A link about the history of a piece origin, and the explanations of each phrase .

Edited: November 1, 2019, 12:29 PM · I am amazed how a musician interpret phrases in a piece and communicate them to audiences that touch audiences heart.

I am curious, is there a link about the history of a piece composition/origin, and much better if there is also a link to explaining the composer's intention in each phrase of a piece

I am amazed how Ray Chen interpret Sibelius Concerto in D minor, Op. 47. So powerful and communicative, that all you can do is to listen....

And also Beethoven Romance in F by Benjamin Levy. Each phrase is like talking.....And I am curious what it communicates in each phrase.....

Replies (8)

Edited: November 1, 2019, 5:07 PM · I think music is a language in its own right. No need to tranlate in words. And, aside from program music, this may not even be possible. Everyone may have his own "story" to a piece. What we share is rather the transported emotions.

If you're looking for explanations to a piece, go for "modern music" - lots of stuff that's in serious need for explanation, for without explanation all this atonality is rather noise than music. But this is only my own small humble opinion - I'm incompetent in these things, an honestly not too curious about it.

November 1, 2019, 10:30 PM · There are booklets given to audiences in concerts, explaining the pieces origin and the phrases meaning. I wonder from where the sources are? Are there a link/website about that? I am just interested to read it.
November 1, 2019, 10:56 PM · There's not a website as such. When you buy a Urtext (Barenreiter, Henle Verlag, Wiener) there is usually a preface which gives the sort of basic background of a piece
November 1, 2019, 11:34 PM · Usually the program notes are written by someone working for the orchestra. There isn't a central location that orchestras get program notes from.
Edited: November 2, 2019, 7:43 AM · All this information is typically culled from innumerable texts on music history and musicology. This is how the liner notes for CDs get written too. Here's how it starts: You go to college and then graduate school and you write a dissertation on some unfathomably narrow corner of music history -- for example one might write an entire doctoral dissertation on the influence that Sibelius's wife's gout had on the phrasing in his violin concerto between measures 53 and 59. But in the process one reads a tremendous amount of other stuff mainly so that one can have a lot of footnotes. By and by, bits of knowledge (and speculation) are pieced together into a fabric that we call Higher Learning. A student who has written a particularly compelling (but not necessarily correct) dissertation and who has recommendations written on the right stationery will get a job teaching in a university and continue doing the same kind of research for the rest of his or her life, and in order to be tenured, one needs to write not just a dissertation but usually an entire book. All these books wind up in the library where the next generation of graduate students uses them as footnotes in their dissertations, and eventually you wind up with a more-or-less self-consistent body of knowledge, the veracity of which is inevitably questionable because of the deep influence of biases on the parts of the authors going back centuries. In the end, writing your program notes is a little bit like Biblical exegesis: You select carefully among the background material to support whatever will flatter the sensibilities of your audience.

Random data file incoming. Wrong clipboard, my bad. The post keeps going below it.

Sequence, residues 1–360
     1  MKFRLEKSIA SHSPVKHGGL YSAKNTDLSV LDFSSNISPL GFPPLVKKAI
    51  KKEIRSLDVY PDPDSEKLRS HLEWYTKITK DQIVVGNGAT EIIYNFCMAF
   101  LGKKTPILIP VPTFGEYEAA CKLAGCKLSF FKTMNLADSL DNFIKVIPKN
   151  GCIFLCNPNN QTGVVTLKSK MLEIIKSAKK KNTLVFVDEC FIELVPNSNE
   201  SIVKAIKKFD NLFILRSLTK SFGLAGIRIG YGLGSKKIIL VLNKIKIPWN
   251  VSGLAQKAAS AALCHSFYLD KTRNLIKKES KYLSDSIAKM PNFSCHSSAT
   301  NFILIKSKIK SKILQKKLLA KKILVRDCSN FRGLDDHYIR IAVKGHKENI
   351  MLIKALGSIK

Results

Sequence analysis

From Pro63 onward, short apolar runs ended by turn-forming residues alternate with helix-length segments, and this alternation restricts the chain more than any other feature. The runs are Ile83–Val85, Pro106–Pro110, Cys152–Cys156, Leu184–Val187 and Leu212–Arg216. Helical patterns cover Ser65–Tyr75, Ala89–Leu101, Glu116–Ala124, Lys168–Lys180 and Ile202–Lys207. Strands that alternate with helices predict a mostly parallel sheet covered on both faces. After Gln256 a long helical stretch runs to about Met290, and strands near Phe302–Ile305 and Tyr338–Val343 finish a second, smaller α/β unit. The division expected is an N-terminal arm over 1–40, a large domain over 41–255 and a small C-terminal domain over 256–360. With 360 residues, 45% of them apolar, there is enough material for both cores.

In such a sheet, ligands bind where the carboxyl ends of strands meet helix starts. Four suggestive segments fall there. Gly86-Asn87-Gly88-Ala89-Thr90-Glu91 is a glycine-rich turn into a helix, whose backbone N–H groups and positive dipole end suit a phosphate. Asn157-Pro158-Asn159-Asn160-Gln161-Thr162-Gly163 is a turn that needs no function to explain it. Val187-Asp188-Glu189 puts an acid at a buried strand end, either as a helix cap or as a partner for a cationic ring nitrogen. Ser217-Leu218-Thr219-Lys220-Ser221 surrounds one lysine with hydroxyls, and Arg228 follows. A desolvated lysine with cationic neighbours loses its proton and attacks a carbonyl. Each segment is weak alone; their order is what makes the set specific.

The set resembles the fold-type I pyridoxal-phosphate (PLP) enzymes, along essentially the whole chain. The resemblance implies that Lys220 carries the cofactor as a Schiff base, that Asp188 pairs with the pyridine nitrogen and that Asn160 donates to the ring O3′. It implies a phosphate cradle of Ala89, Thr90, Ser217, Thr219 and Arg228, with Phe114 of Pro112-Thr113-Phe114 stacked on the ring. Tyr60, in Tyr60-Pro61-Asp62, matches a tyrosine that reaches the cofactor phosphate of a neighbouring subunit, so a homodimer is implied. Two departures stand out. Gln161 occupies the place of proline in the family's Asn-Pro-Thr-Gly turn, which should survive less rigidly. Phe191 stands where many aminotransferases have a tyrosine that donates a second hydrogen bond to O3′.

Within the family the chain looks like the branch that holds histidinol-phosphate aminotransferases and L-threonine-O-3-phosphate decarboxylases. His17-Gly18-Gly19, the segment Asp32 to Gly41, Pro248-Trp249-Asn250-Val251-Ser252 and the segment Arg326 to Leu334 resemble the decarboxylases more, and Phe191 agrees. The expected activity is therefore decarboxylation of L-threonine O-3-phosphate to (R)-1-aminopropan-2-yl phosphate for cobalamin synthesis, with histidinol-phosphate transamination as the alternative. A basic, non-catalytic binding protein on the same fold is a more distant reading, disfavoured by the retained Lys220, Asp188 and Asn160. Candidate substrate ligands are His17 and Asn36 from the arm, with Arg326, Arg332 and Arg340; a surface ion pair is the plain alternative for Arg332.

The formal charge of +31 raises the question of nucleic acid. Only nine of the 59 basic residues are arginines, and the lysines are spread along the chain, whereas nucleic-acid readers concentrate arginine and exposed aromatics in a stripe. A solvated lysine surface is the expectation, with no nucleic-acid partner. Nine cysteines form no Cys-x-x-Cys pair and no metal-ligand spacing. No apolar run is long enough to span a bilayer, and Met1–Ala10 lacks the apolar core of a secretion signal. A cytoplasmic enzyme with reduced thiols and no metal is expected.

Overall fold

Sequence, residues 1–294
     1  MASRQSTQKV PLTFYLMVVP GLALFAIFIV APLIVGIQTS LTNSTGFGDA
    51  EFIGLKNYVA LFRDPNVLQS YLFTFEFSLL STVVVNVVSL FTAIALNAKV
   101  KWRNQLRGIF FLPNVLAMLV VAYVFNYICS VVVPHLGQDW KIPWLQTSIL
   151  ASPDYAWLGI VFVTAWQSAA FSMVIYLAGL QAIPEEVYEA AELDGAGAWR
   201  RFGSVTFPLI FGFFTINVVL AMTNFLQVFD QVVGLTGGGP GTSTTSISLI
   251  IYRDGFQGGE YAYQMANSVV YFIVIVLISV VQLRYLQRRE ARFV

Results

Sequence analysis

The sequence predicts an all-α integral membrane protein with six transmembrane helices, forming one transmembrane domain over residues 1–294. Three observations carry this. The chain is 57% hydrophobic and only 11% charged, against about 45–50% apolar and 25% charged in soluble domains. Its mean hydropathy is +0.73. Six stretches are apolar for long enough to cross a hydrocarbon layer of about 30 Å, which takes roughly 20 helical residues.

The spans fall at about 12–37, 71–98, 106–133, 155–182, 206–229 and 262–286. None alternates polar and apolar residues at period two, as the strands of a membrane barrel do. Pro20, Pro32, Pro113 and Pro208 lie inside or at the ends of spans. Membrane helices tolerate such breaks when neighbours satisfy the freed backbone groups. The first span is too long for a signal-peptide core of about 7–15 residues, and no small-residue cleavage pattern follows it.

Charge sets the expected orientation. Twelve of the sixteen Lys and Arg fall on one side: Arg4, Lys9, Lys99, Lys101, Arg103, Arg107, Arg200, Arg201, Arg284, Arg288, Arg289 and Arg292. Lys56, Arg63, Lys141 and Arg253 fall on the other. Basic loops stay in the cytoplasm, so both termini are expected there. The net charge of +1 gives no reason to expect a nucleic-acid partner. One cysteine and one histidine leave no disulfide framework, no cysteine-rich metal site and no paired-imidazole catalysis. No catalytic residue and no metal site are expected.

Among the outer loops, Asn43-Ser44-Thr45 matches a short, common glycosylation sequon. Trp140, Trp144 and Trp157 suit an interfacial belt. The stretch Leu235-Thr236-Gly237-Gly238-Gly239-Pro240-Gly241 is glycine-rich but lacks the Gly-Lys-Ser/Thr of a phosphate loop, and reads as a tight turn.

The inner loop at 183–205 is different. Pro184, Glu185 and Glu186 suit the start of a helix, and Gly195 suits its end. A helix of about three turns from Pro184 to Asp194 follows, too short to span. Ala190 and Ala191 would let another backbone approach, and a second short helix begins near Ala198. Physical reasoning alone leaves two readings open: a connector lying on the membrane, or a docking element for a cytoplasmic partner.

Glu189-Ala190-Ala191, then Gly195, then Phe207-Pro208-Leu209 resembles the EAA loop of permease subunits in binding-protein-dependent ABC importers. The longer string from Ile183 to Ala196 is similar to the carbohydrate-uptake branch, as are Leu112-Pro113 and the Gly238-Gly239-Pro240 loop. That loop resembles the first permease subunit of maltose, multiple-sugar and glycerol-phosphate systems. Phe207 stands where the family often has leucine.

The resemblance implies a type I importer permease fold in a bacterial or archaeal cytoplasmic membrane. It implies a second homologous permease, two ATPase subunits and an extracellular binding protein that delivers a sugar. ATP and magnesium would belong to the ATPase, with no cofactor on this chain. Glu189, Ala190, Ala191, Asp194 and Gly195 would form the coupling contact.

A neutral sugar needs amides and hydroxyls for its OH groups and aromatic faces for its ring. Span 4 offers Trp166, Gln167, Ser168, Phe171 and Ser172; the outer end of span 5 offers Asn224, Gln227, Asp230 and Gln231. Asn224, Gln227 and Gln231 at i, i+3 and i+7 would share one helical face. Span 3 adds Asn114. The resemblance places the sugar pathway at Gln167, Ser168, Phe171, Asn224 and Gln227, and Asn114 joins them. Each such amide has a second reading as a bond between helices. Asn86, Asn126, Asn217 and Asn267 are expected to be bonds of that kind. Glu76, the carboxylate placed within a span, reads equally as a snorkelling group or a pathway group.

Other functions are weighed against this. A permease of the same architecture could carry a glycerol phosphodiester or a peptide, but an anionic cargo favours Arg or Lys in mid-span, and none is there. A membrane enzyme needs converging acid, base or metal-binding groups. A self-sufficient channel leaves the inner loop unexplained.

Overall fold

November 3, 2019, 3:14 AM · Very apt description of graduate school, Paul!

Regarding explaining the composer's intentions in different phrases of a piece, that would only be possible if you could actually speak to the composer or if the composer actually wrote such things down in words. Otherwise each person's interpretation will be highly personal and won't necessarily reflect what the composer had in mind while writing the phrase.

In my opinion trying to explain what the composer intended with each phrase, or even just with each piece or movement, is pointless. The composer has written the music for whatever reason and with whatever inspiration, the performers have interpreted it according to their own sensibilities, and the listeners have their very unique personal lives from which to appreciate (or not) the music they are hearing. All of that is very much what makes music an art and not a science, and thus with all those different personal filters affecting how each person hears and interprets the music there is no single correct way to determine what the music "means."

Music doesn't "mean" -- it just "is."

November 7, 2019, 8:11 AM · Thank you for the answer. So, is it ok for a musician to interpret the music as he pleases? Because as watched on youtube, Sibelius was played with different feeling/interpretation by different soloists.
November 7, 2019, 11:32 AM · Some great composers did write something like programme notes, e.g., Schumann, Bruckner, Tchaikovsky.

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